Xcel Energy, an electricity provider to 3.3 million customers across eight western and midwestern states, will be the first large-scale utility to use Cooper Power Systems Envirotemp FR3 fluid in all of its new single-phase pole- and pad-mounted electrical distribution transformers starting next year.

    FR3 fluid is a biodegradable, bio-based dielectric coolant that offers a number of advantages over petroleum-based mineral oil including an improved environmental profile and enhanced transformer performance. Through the agreement, Xcel Energy annually will install as many as 15,000 new single-phase transformers filled with FR3 fluid, an insulating product formulated from soy beans and environmentally safe additives. By doing so, Xcel Energy will annually replace the use of more than 400,000 gallons of petroleum-based mineral oil with FR3 fluid, which, unlike mineral oil, is biodegradable in both soil and aquatic environments and has the highest EPA classification for biodegradability.

    Today, more than 100 U.S.-based utilities, as well as utilities in many foreign countries, have made small- and large-scale commitments to switch to FR3 transformer fluid. “We are dedicated to minimizing our impact on the environment, and because of that, we are making changes to the way we make and deliver energy to our customers,” said Dick Kelly, chairman, president and CEO of Xcel Energy. “We’re looking at all levels of our business large and small. While standard transformers function effectively and safely, we believe that our customers expect more. The new transformers with soy-based coolant are another important aspect of our environmental leadership.”

    “We understand the environmental concerns of our customers and, accordingly, are committed to being the first large-scale utility to switch to environmentally friendly soy-based coolant in all of our new transformers. We believe this is the right thing to do for the environment, for our customers and for long-term cost management of the utility,” Kelly said.

    Cooper Power Systems began the development of FR3 fluid in the early 1990s as a substitute for more flammable conventional transformer oil. In 2004, it partnered with Cargill, Inc. to produce and distribute Envirotemp FR3 in volume.

    California Fires put SDG&E Crews on High Alert

    By Kathleen Davis, Associate Editor

    Dateline: Oct. 23, 2007.

    While the cause of the raging fires around Malibu and San Diego was still under investigation and speculation including the thought that at least one of the blazes was caused by downed power lines San Diego Gas & Electric (SDG&E), the local electric utility, was already dealing with the aftermath of those fires while they still burned: power outages, ravaged equipment and missing transmission access.

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    As of 8 a.m. on Oct. 23, SDG&E reported approximately 25,000 customers without power throughout its service territory. The 49 outages were scattered throughout the county. Not all of them were fire-related, but most certainly had the fire to blame. (Some may be attributed to the wild and unrelenting Santa Ana winds typical of California this time of year and another major issue with tackling the fire as well.)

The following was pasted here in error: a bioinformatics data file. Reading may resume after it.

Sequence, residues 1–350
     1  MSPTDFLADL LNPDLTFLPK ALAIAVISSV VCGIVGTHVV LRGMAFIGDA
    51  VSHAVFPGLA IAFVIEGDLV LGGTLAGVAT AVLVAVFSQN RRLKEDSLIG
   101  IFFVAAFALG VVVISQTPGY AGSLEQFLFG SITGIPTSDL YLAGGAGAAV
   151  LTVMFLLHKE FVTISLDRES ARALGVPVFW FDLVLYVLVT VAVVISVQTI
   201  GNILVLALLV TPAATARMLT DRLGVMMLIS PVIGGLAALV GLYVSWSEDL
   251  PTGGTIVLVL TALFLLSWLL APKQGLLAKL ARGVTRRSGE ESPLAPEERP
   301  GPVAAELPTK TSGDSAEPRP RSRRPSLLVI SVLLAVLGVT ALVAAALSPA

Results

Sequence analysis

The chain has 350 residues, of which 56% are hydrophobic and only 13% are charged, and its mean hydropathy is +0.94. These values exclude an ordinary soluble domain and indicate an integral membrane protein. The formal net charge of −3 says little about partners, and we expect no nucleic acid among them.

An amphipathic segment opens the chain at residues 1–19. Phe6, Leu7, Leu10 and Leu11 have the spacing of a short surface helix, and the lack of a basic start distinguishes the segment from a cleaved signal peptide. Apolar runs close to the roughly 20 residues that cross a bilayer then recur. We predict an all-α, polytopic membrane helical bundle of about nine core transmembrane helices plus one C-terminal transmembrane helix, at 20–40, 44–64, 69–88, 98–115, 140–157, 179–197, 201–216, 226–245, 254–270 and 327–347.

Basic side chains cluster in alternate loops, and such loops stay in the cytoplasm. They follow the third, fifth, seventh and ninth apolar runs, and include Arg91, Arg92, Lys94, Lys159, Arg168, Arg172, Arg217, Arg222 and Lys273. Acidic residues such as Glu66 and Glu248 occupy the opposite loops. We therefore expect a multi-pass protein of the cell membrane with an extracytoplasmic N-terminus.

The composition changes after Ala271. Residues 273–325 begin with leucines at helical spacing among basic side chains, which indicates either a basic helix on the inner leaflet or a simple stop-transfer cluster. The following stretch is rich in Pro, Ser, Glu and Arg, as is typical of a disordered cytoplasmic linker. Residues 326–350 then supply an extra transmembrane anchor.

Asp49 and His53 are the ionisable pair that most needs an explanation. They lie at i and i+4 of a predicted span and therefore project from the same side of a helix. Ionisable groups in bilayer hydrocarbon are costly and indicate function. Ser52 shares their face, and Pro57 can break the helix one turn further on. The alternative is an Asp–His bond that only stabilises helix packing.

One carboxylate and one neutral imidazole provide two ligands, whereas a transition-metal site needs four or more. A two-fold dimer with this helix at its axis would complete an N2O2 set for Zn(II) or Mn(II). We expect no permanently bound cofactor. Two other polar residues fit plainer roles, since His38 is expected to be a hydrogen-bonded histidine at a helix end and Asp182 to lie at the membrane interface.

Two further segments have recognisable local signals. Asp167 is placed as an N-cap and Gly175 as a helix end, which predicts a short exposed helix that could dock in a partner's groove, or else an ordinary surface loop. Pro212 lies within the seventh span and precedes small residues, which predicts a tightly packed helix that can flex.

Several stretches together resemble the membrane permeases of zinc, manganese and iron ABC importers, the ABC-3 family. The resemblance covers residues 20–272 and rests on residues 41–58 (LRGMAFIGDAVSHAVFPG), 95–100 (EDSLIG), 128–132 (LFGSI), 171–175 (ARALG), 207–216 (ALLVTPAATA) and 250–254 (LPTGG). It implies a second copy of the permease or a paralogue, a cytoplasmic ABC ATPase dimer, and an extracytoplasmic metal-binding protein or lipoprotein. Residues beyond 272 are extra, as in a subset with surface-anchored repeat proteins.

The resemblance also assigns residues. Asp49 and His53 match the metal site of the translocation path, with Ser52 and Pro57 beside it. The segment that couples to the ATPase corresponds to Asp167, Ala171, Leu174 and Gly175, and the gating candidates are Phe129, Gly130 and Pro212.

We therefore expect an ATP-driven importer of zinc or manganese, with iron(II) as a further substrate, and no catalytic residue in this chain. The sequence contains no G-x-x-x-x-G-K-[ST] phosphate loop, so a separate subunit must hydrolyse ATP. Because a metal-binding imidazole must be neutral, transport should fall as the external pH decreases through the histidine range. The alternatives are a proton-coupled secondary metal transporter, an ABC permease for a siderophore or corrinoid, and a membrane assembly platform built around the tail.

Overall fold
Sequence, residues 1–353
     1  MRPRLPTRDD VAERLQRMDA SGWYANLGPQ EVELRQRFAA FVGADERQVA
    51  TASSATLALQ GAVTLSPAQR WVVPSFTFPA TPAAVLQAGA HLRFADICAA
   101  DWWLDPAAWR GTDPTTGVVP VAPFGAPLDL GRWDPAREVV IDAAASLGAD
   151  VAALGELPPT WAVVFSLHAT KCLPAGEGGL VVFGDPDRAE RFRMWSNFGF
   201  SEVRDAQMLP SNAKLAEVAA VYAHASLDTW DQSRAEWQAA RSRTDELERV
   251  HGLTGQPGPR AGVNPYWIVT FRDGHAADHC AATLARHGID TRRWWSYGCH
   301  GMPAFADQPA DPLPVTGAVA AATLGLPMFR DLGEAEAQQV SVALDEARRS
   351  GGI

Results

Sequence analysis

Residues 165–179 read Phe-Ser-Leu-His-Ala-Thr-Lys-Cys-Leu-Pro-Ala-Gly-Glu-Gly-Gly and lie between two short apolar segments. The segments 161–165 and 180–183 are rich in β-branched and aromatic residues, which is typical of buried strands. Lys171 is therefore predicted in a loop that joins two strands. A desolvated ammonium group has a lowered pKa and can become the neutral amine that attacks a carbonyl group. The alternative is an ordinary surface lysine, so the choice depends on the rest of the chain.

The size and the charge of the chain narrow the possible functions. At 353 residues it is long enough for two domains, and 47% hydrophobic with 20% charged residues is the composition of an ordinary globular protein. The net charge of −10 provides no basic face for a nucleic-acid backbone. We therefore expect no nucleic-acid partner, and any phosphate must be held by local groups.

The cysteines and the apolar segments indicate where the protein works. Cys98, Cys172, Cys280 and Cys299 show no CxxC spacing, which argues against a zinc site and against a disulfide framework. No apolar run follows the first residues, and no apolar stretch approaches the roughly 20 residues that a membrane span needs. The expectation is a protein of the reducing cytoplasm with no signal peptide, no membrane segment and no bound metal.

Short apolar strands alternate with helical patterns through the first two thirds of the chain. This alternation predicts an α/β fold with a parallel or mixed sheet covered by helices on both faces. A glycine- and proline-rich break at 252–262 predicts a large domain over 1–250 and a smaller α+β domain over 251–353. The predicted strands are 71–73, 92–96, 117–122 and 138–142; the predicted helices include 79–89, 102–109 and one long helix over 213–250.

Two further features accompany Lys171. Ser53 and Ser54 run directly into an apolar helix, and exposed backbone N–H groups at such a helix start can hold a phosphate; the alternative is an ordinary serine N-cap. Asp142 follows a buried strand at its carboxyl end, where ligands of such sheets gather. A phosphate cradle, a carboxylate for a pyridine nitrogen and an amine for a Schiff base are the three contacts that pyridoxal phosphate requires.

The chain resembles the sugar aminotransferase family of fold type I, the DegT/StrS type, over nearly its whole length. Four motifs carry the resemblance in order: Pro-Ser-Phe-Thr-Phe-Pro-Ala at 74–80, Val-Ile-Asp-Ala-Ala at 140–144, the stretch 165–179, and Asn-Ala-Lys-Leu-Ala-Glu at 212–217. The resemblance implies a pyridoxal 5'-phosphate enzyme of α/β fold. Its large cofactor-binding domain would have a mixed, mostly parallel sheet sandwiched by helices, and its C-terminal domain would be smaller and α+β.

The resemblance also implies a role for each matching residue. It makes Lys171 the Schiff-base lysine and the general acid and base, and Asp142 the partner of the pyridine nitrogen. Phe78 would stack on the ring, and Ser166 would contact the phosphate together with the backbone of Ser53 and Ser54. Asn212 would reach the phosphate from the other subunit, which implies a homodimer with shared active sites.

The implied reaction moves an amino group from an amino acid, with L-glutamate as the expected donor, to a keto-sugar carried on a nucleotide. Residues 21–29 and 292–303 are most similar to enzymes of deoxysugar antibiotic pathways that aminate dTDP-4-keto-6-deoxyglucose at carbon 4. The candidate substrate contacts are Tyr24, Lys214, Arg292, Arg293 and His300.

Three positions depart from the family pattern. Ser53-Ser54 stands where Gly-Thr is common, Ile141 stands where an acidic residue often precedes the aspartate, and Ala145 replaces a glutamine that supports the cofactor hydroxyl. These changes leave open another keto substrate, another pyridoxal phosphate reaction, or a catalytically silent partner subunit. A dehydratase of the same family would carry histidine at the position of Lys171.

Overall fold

The California Independent System Operator (Cal ISO) declared a “transmission emergency” in Southern California because of the fires. SDG&E only possesses two transmission corridors that link San Diego to the outside world and one of them was cut off at press time. The Southwest Powerlink, which extends from the Otay Mesa area to Arizona, was out of service in the heat and blaze of the Harris fire (one of many smaller fires converging and causing the natural disaster in the area) when this issue went to print.

    Additionally, SDG&E reported that transmission lines running in from the north were being threatened by the fires and, at 3 a.m. this late October morning, a significant number of transmission lines went out of service around Miguel Mountain. The utility had identified over 50 areas of damage that will need repaired once the fires are under control, and they continue to assess and add new areas and items. That list grew by the hour, by the minute even. Several hundred poles had already been damaged or destroyed because of the fires.

    At the time of this writing, SDG&E had “all available crews” out working on repairs. That’s 750 employees and approximately 80 contractors trying to skirt danger zones in order to work on what they can. ‘ve been at it “around the clock” and will continue to do so, according to SDG&E spokesman. They’ve asked for assistance from regional utilities as well, going to their neighbors for help with this dangerous situation.

    “With the unpredictable nature of the fires we do not have an estimated time for power restoration,” the company said in a statement to their customers. “We ask the public for their patience and cooperation with outages, some of which are necessary to ensure the safety of fire personnel.”

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    The Clarion Energy Content Team is made up of editors from various publications, including POWERGRID International, Power Engineering, Renewable Energy World, Hydro Review, Smart Energy International, and Power Engineering International. Contact the content lead for this publication at